Differences in ureteroscopic stone treatment and outcomes for distal, mid-, proximal, or multiple ureteral locations: the Clinical Research Office of the Endourological Society ureteroscopy global study

Eur Urol. 2014 Jul;66(1):102-9. doi: 10.1016/j.eururo.2014.01.011. Epub 2014 Jan 23.


Background: Ureteroscopy has traditionally been the preferred approach for treatment of distal and midureteral stones, with shock wave lithotripsy used for proximal ureteral stones.

Objective: To describe the differences in the treatment and outcomes of ureteroscopic stones in different locations.

Design, setting, and participants: Prospective data were collected by the Clinical Research Office of the Endourological Society on consecutive patients treated with ureteroscopy at centres around the world over a 1-yr period.

Intervention: Ureteroscopy was performed according to study protocol and local clinical practice guidelines.

Outcome measurements and statistical analysis: Stone location, treatment details, postoperative outcomes, and complications were recorded. Pearson's chi-square analysis and analysis of variance were used to compare outcomes among the different stone locations.

Results and limitations: Between January 2010 and October 2012, 9681 patients received ureteroscopy treatment for stones located in the proximal ureter (n=2656), midureter (n=1980), distal ureter (n=4479), or multiple locations (n=440); location in 126 patients was not specified. Semirigid ureteroscopy was predominantly used for all stone locations. Laser and pneumatic lithotripsy were used in the majority of cases. Stone-free rates were 94.2% for distal ureter locations, 89.4% for midureter locations, 84.5% for proximal ureter locations, and 76.6% for multiple locations. For the proximal ureter, failure and retreatment rates were significantly higher for semirigid ureteroscopy than for flexible ureteroscopy. A low incidence of intraoperative complications was reported (3.8-7.7%). Postoperative complications occurred in 2.5-4.6% of patients and varied according to location, with the highest incidence reported for multiple stone locations. Limitations include short-term follow-up and a nonuniform treatment approach.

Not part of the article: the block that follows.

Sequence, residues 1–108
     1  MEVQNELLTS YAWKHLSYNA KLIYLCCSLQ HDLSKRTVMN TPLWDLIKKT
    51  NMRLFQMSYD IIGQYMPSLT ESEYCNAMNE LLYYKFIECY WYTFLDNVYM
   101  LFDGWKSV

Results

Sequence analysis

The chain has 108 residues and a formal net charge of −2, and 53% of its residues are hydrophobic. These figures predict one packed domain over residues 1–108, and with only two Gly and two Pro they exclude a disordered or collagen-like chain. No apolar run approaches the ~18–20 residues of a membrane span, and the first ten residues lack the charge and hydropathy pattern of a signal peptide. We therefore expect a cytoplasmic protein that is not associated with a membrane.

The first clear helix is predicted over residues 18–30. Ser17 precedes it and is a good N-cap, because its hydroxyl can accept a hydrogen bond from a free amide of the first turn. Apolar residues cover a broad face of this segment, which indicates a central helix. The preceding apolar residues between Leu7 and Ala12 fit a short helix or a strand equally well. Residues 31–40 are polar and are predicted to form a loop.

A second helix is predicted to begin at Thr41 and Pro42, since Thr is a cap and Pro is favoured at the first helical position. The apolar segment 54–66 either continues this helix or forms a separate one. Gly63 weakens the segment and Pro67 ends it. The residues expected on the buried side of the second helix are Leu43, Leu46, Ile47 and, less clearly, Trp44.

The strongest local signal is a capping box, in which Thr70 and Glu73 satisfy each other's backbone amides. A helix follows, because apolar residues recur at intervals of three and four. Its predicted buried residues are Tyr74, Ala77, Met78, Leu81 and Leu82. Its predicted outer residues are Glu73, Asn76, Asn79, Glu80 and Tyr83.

Conclusions: Ureteroscopy for ureteral stones resulted in good stone-free rates with low morbidity.

Patient summary: This study shows that patients who have ureteral stones can be treated successfully with ureteroscopy with a low rate of complications for the patient.

Keywords: Complications; Treatment outcome; Ureteral stones; Ureteroscopy.

Publication types

  • Multicenter Study
  • Observational Study
  • Research Support, Non-U.S. Gov't

MeSH terms

  • Adolescent
  • Adult
  • Aged
  • Aged, 80 and over
  • Biomedical Research
  • Blood Loss, Surgical
  • Female
  • Humans
  • Lithotripsy, Laser
  • Male
  • Middle Aged
  • Prospective Studies
  • Retreatment
  • Societies, Medical
  • Treatment Failure
  • Ureter / pathology*
  • Ureteral Calculi / pathology*
  • Ureteral Calculi / surgery*
  • Ureteroscopy* / adverse effects
  • Ureteroscopy* / instrumentation
  • Young Adult